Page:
Member
Your donation supports our high-quality, inspiring and commercial-free programming.
Support Icon
Discover all the ways you can make a difference.
Support Icon
The Leadership, Advancement, Membership and Special Events teams are here to help.

A Return to the Earth: Organic Burial Pods Turn Your Loved Ones Into Trees

Support Provided By
Photo by <a href="http://www.capsulamundi.it/progetto_eng.html">Capsula Mundi</a>
Photo by Capsula Mundi

How would you want to go out in the sunset of your life — stuck in a coffin, which requires a tree to be cut down to build, or returned to the earth, where your remains could actually nourish a tree?

Strange as it may sound, human compost isn't new. Natural burials (or "green burials") are on the rise among baby boomers, some out of financial necessity and some out of a desire to be one with the land. There's even an exploratory project in Seattle that may eventually construct urban composting facilities to convert human remains into compost, much in the same way you turn your vegetable scraps into fertilizer.

But these organic burial pods by Italian company Capsula Mundi bring a little beauty to the process of green burials. Rather than simply burying an unembalmed body in a biodegradable casket, the body is placed in the fetal position in an organic burial capsule and lowered into the ground. A tree is planted above the capsule and as it grows, it feeds off the nutrients from the decomposing body.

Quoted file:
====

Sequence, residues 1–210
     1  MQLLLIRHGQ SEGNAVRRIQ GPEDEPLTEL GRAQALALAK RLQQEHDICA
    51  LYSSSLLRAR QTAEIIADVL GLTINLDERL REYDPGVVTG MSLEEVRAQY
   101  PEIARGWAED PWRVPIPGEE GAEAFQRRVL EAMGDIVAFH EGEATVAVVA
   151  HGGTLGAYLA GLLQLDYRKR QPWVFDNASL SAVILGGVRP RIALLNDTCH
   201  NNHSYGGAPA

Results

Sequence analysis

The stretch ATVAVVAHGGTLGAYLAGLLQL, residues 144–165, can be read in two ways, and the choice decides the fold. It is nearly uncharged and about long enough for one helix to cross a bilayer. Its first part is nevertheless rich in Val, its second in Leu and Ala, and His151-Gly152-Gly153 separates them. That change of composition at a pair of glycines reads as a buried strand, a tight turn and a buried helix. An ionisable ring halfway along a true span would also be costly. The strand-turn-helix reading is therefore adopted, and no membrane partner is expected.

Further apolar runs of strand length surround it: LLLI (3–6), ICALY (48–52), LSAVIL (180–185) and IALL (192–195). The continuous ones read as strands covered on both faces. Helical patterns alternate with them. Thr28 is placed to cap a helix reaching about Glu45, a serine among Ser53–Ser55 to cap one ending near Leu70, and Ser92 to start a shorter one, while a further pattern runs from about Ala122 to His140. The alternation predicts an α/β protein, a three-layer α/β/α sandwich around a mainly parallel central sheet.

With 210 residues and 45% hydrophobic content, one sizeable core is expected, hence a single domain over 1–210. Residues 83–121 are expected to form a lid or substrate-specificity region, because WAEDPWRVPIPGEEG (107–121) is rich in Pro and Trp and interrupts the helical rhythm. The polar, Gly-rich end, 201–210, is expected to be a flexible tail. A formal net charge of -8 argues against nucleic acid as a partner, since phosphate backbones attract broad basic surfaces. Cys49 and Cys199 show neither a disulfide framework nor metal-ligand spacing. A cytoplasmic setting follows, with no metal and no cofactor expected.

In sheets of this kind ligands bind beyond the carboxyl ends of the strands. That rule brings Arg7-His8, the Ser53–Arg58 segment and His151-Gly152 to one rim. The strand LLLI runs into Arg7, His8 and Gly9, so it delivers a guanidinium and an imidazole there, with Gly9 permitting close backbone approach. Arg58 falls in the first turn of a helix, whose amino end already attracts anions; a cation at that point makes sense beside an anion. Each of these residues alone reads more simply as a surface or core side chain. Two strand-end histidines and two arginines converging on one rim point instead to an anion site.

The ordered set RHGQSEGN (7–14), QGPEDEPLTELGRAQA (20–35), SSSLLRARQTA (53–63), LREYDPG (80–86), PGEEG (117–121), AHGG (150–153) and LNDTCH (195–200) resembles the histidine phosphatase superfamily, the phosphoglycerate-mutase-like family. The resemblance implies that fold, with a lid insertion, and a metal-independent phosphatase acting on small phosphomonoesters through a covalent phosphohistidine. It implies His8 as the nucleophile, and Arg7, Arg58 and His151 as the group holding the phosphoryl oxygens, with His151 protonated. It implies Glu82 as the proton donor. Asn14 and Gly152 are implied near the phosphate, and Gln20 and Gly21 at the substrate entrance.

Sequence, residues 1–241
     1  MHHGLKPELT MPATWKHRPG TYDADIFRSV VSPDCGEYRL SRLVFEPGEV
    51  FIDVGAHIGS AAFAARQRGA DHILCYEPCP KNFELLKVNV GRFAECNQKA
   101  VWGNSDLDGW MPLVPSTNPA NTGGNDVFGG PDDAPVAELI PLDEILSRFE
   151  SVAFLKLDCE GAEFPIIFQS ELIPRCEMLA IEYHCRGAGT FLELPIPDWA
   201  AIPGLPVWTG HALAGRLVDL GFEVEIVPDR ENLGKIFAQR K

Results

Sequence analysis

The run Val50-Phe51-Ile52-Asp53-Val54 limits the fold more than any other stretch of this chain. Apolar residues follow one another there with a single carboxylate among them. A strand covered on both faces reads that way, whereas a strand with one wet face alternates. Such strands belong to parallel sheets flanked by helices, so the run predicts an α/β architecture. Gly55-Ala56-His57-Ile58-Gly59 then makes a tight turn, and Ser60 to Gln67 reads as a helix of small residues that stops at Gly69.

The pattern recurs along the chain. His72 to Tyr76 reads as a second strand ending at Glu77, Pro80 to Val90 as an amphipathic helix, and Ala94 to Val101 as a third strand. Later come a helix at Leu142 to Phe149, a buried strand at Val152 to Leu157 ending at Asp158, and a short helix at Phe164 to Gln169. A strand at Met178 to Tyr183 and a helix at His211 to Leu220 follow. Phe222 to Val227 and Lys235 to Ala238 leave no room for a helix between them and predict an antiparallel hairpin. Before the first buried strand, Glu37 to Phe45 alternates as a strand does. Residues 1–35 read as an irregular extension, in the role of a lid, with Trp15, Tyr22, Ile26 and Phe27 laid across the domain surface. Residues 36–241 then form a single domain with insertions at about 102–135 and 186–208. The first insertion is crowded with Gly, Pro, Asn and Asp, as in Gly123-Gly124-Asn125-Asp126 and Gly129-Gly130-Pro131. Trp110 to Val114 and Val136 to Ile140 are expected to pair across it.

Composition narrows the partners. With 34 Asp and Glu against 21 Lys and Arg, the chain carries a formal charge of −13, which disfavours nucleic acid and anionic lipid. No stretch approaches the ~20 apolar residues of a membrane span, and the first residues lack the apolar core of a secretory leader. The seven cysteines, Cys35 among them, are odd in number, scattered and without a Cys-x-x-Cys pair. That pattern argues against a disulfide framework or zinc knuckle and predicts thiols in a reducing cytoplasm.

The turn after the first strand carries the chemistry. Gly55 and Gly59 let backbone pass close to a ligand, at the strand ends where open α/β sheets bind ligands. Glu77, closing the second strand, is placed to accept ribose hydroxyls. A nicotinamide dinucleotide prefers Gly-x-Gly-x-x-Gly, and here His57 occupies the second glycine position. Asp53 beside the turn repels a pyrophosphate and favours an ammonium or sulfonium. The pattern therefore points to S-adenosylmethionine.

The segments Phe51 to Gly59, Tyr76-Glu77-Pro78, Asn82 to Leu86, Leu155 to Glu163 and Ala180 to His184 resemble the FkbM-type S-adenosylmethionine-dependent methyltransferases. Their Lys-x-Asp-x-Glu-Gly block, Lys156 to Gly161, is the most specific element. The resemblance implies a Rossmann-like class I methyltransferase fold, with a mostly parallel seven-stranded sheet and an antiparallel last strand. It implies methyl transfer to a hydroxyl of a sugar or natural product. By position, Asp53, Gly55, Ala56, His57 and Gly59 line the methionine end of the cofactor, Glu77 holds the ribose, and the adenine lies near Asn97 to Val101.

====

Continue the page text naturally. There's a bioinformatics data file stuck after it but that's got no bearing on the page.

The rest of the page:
Photo by <a href="http://www.capsulamundi.it/progetto_eng.html">Capsula Mundi</a>
Photo by Capsula Mundi
Photo by <a href="http://www.capsulamundi.it/progetto_eng.html">Capsula Mundi</a>
Photo by Capsula Mundi

Designers Anna Citelli and Raoul Bretzel envision a world in which "a cemetery will no longer be full of tombstones and will become a sacred forest." A memory park, if you will.

Capsula Mundi is the first Italian project to promote green burials in that country, but alas, it is only a concept for now. Italian law currently forbids this type of burial, mandating that coffins must be made of wood, cemeteries must be in closed and controlled areas, and burial spaces are only temporary unless you own a family chapel — laws that date back to Napoleon Bonaparte.

But such a concept is a comforting one when you think of your descendants visiting your tree, caring for it, and sitting in its shade long after you've passed.

Support Provided By
Read More
LA County Fair (1948), from CPP Archive

Rare Photos from the Los Angeles County Fair's 100 Years

The Los Angeles County Fair turns 100 this year. Considering all the ways the fair has entertained, informed and marketed to Angelenos over the past 100 years, here is a glimpse of a few rare attractions that have lit up local imaginations over the last century.
Mizuki Shin, a middle-aged woman of Asian descent, is wearing a vertical-striped black and white apron and a red bandana on her head. She's learning against a glass pastry case displaying rows of pastries and other baked goods.

Roji Bakery’s Tender Milk Bread is a Slice of Japan in L.A.

Roji Bakery has served the Mid-Wilshire neighborhood for the past 20 years, serving up warm, fluffy Japanese shokupan (milk bread) and other baked goods. Owner Mizuki Shin talks about the yudane technique that makes milk loaf unique and reminisces on her memories eating shokupan as a child in Japan.
Jennie Fou Lee is wearing a pink tie-dye hoodie and a white apron as she holds out a tray of doughnuts from a glass case. There are two kinds of doughnuts on the tray — a line of Oreo/cookies and cream doughnuts and a doughnut topped with Fruity Pebbles.

DK's Donuts Capture Sweet Memories in Golden, Fluffy Donuts

In this video, Jennie Fou Lee of DK's Donuts talks about how their family-run store has become a community staple and how their doughnuts hold memories for the community they serve.